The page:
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Stay-Quitting



Several months ago, I introduced the concept of “stay quitting,” and no, that's not a typo. Stay quitting is not referring to a constant cycle of starting something and never finishing it; stay-quitting is when you are physically somewhere but mentally you have checked out.

While you may not be familiar with the term, you will be familiar with the behaviors of someone who is a stay quitter in your business.


What is a stay-quitter?


In short, Stay quitting is an age-old behavior of employees who have had enough but are still working for you likely for the paycheck. They get their work done. usually nothing more, nothing less. They will do just enough to keep their job but nothing more than required because they have mentally checked out. Stay quitters are the folks who feel undervalued, underappreciated and disempowered. They started off as a great employee, but something happened! These people can sometimes show up as aloof or have an attitude. Maybe they are quiet and keep to themselves, eat lunch by themselves, or claim to always be too busy with work. They disengage with the team and company events.


But this doesn’t happen overnight. Like anything else, it happens over time.


How does stay-quitting happen?


While typically driven by disempowerment or feeling undervalued, stay-quitting can be the catalyst of many different things. It usually starts with someone or a group of people that speak up about something they believe not to be right.


In business, this could be several things such as a cumbersome process. Don’t roll your eyes yet; when it takes someone 4x longer to accomplish a task that should take no time at all, it will begin to stir up negative emotions. This is not a touchy-feely, let's talk about emotions. This is something that happens internally in their minds and shows up externally as annoyed, frustrated, exhausted, or overworked. It could be an employee who finishes a task and has to wait all the time for the approval to continue on with their work. When you ask for approvals all the time, it can come off as you don’t trust them to do their job, especially when approval is required for every single thing and that isn’t necessary.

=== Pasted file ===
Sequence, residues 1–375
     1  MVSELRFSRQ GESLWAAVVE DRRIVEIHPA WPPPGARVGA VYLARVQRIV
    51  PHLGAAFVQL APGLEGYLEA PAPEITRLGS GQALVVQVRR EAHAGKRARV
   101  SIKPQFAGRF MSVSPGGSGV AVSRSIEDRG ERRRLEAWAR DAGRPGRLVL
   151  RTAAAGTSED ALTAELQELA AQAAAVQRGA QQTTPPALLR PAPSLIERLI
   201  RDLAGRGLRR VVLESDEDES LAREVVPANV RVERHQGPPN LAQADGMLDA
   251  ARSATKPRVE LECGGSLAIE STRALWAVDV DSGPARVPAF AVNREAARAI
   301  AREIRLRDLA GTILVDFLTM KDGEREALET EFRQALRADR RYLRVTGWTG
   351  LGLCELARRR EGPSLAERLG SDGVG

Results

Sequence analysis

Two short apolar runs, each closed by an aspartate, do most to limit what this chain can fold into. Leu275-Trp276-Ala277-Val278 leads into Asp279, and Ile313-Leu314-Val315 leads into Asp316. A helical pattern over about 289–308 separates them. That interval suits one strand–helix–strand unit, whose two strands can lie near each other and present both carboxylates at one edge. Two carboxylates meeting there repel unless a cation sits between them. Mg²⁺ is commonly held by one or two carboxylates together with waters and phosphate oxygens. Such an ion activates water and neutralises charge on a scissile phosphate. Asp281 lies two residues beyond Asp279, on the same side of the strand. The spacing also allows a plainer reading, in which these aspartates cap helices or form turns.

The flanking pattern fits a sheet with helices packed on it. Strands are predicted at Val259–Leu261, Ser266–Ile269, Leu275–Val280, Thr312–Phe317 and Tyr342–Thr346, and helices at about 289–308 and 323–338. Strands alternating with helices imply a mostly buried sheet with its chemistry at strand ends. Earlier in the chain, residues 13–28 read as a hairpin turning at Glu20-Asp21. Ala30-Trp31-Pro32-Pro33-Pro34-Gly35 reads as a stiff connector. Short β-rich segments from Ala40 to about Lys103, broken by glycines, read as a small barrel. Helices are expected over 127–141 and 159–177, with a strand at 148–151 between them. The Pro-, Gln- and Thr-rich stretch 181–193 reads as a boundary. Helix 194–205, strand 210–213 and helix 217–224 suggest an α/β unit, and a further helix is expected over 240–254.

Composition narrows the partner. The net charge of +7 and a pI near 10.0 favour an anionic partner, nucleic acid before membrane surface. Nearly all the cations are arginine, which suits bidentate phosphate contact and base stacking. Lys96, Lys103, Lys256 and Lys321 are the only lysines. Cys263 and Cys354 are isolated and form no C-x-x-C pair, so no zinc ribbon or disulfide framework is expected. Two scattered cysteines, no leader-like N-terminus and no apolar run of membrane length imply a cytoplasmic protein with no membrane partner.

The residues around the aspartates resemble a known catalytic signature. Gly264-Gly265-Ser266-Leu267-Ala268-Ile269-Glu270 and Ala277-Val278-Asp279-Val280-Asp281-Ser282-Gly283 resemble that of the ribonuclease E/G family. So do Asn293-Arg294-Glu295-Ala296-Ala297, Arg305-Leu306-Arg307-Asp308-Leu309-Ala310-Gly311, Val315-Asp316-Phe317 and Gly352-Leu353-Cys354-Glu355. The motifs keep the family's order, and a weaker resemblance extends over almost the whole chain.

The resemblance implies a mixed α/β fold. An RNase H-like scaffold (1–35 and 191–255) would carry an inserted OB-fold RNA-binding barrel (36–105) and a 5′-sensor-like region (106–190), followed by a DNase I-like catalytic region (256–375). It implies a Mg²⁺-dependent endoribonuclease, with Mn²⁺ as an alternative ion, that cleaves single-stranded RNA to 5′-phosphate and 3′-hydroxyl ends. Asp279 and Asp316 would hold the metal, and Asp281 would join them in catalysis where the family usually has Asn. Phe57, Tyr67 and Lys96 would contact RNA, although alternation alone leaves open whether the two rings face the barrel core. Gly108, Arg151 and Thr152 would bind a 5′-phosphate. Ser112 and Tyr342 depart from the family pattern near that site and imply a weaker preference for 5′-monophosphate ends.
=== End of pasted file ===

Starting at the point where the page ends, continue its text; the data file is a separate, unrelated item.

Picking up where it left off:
They’ve just begun stay-quitting. . A few things can happen from this point. They stay out of necessity and download something off the internet like an app to help speed things up at work while they update their resume.


Some other drivers...


Antiquated technology can show up in several ways. It can be technology that is just old and outdated, no longer serving the company, the employees, or their clients. It can also show up as great technology that you have simply outgrown. Yes, you can outgrow technology, which means it works fine, but you must have a few additional pieces of technology in order to complete a job correctly like storing all supporting data and documents, etc. This usually also means there is no real single source of truth. This can contribute to your team feeling overworked, having to manage many different technological sources of information, and most importantly, remembering to update them all when some component changes with the data.


Leadership is another component. It can be the style in which you manage your team, the way you deliver your message, or your tone that can make all the difference in those under your leadership. Imagine someone who is explosive when they don’t get what they want. How do you think your team feels about their work, value, or the company? It quickly becomes a stressful environment.


Stay-quitting can be a result of poor customer experience. Take a guess who gets to hear about it, and then try to resolve those issues. In environments where the customer experience is poor, it will create an environment where putting out fires will look like the desired state. Customer feedback gives your customers the power to share their experiences that are needed to improve your product or service.


In conclusion, when you have a high turnover, or you identify someone who is a stay-quitter, you’ll need to do more than try to talk to them or offer them more money. They want to not only be heard, but they want to see change. You will need to find the root cause of the issue, and it’s not always obvious, even to the person asking for the change.



About the author: 


Cornerstone Paradigm Consulting, LLC is an industry-agnostic business operations consulting firm going beyond the symptoms to get to the root cause of your business issues. 

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